Next to the main hall, the Hong Hung Tower also has more than 1,000 decorative plates. Other towers around the pagoda mark the graves of its abbots.

The decorative plates are made of ceramic in the kiln at Lai Thieu Ward of Thuan An Town, Binh Duong Province. Some are from China and Japan. The decorative plates were added to the wall of the pagoda in the first half of the 20th century.

With more than 7,000 decorative plates, Giac Lam Pagoda holds the record of being the pagoda with the biggest number of decorative plates in Vietnam.

In front of the pagoda is the 7-story hexagon Stupa. The tower’s construction was begun in the 1970s, but was suspended until 1993.

The pagoda’s garden is filled with many trees, shrines and Buddha statues. Most prominent is the ancient bodhi tree brought from Sri Lanka in 1953.

Giac Lam Pagoda is one of the oldest pagodas in Saigon. It was recognized a national historical-cultural relic in 1988 and is a major tourist attraction now.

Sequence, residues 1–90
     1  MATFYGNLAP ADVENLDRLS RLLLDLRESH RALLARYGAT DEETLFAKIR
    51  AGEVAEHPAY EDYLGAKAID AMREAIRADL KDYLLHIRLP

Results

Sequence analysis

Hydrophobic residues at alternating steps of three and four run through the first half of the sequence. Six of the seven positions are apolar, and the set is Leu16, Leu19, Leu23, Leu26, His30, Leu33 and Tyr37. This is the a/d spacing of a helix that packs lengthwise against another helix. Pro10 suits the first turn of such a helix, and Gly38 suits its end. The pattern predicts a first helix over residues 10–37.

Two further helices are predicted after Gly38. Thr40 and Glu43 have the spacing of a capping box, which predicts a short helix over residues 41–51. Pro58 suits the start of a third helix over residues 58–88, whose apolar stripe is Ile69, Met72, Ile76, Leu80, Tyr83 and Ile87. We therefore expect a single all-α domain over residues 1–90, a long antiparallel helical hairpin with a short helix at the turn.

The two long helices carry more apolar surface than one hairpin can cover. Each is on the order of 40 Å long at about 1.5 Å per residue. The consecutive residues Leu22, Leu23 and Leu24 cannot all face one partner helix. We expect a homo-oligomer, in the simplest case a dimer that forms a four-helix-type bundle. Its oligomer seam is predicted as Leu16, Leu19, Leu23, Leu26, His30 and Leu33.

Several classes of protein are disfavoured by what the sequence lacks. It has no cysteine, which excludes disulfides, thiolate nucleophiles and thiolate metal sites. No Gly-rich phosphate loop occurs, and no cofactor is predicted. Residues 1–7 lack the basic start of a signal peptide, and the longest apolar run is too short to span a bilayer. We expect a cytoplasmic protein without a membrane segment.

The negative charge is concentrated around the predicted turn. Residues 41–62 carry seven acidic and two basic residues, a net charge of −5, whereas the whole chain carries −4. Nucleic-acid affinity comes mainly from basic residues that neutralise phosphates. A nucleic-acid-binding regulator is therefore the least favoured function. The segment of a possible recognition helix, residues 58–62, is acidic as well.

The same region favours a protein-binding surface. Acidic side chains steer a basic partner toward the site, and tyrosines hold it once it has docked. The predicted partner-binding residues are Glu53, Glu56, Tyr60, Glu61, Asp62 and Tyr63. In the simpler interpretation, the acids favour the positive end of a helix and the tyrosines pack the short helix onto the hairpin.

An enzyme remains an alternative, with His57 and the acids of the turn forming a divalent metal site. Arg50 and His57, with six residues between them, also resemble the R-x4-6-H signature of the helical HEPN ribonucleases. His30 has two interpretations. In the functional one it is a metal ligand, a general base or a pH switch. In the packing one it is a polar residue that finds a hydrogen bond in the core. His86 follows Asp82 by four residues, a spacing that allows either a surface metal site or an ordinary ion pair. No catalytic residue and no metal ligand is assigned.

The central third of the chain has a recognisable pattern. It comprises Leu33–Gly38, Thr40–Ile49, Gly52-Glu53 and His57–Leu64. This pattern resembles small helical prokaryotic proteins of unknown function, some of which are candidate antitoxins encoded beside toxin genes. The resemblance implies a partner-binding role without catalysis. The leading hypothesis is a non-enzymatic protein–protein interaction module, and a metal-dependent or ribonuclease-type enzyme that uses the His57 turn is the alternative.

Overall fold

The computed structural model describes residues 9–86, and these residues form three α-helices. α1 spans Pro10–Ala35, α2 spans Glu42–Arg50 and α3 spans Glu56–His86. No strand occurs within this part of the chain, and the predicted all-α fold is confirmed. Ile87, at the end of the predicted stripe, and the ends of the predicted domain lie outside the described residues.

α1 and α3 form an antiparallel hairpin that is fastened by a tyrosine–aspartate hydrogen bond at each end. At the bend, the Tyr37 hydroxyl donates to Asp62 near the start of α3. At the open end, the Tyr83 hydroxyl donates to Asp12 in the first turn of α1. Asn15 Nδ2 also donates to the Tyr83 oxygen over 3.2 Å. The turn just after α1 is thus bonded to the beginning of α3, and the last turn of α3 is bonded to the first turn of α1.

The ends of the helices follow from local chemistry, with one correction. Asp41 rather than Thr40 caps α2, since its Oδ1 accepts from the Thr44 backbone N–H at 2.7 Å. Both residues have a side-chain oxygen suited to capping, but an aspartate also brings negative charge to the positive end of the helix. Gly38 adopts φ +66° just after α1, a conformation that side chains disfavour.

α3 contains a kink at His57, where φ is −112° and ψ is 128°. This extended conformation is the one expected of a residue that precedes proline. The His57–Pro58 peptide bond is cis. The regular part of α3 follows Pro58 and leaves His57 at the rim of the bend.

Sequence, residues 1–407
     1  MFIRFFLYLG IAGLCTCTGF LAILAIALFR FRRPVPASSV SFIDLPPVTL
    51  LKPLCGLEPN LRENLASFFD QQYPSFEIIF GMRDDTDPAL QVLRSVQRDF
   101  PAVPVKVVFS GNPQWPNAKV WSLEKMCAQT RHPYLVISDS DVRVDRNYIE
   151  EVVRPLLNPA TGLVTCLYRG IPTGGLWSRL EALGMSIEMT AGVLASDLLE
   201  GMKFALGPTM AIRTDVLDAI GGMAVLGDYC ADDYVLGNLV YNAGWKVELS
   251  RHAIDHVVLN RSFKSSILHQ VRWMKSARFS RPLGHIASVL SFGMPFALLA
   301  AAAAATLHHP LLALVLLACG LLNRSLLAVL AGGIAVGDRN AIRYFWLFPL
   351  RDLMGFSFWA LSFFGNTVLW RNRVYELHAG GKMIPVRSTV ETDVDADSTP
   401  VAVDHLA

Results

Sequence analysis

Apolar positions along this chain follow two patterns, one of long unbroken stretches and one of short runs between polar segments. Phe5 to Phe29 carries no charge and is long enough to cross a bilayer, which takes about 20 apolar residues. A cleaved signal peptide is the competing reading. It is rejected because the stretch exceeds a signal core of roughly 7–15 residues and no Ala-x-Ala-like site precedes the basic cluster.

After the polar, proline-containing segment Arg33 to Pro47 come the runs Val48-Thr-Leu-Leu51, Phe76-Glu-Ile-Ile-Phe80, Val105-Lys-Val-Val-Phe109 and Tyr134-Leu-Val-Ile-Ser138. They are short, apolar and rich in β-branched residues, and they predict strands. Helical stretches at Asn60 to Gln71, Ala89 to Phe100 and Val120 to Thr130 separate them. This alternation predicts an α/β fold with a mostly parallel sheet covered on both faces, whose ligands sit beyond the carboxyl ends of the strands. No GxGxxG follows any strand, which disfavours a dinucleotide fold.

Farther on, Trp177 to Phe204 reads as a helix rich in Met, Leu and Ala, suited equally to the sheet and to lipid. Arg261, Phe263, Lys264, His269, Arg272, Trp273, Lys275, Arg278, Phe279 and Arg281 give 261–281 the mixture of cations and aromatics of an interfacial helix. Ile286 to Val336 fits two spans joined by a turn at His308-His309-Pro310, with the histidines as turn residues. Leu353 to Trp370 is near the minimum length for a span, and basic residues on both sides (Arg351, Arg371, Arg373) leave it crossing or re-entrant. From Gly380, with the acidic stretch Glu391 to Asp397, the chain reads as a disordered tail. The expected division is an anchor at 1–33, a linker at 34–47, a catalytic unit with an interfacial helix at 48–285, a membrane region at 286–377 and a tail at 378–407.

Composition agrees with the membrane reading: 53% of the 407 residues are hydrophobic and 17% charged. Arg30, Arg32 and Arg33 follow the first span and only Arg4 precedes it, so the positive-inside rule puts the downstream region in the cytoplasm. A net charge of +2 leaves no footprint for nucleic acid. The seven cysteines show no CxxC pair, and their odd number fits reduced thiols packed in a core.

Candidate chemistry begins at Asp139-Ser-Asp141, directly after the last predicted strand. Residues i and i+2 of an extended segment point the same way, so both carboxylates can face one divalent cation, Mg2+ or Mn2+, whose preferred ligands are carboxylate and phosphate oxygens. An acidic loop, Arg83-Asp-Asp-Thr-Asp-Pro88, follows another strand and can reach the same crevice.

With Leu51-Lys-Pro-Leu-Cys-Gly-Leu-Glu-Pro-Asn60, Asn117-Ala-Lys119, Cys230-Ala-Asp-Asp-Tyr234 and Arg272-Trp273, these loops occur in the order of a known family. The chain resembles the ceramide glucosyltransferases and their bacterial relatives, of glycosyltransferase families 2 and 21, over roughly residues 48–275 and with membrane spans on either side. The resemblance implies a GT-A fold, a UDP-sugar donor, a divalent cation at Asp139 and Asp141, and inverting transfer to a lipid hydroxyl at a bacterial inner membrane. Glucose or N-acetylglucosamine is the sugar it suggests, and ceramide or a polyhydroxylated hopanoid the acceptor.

Every Blooming Thing: Everyone needs a ‘tranquil spot’ in their garden


Everyone has an area in their yard that could be called a “trouble spot”. Too much sun or too shady, on a hill, bad soil, too rocky, etc. The list goes on. We had some of these problems, as we had just moved into a new home along the river and were putting in a yard where there had never been one before. Our problem was a corner of the yard with four large sycamore trees and a valley oak all on a small rocky knoll with plenty of shade. Here’s how we dealt with it.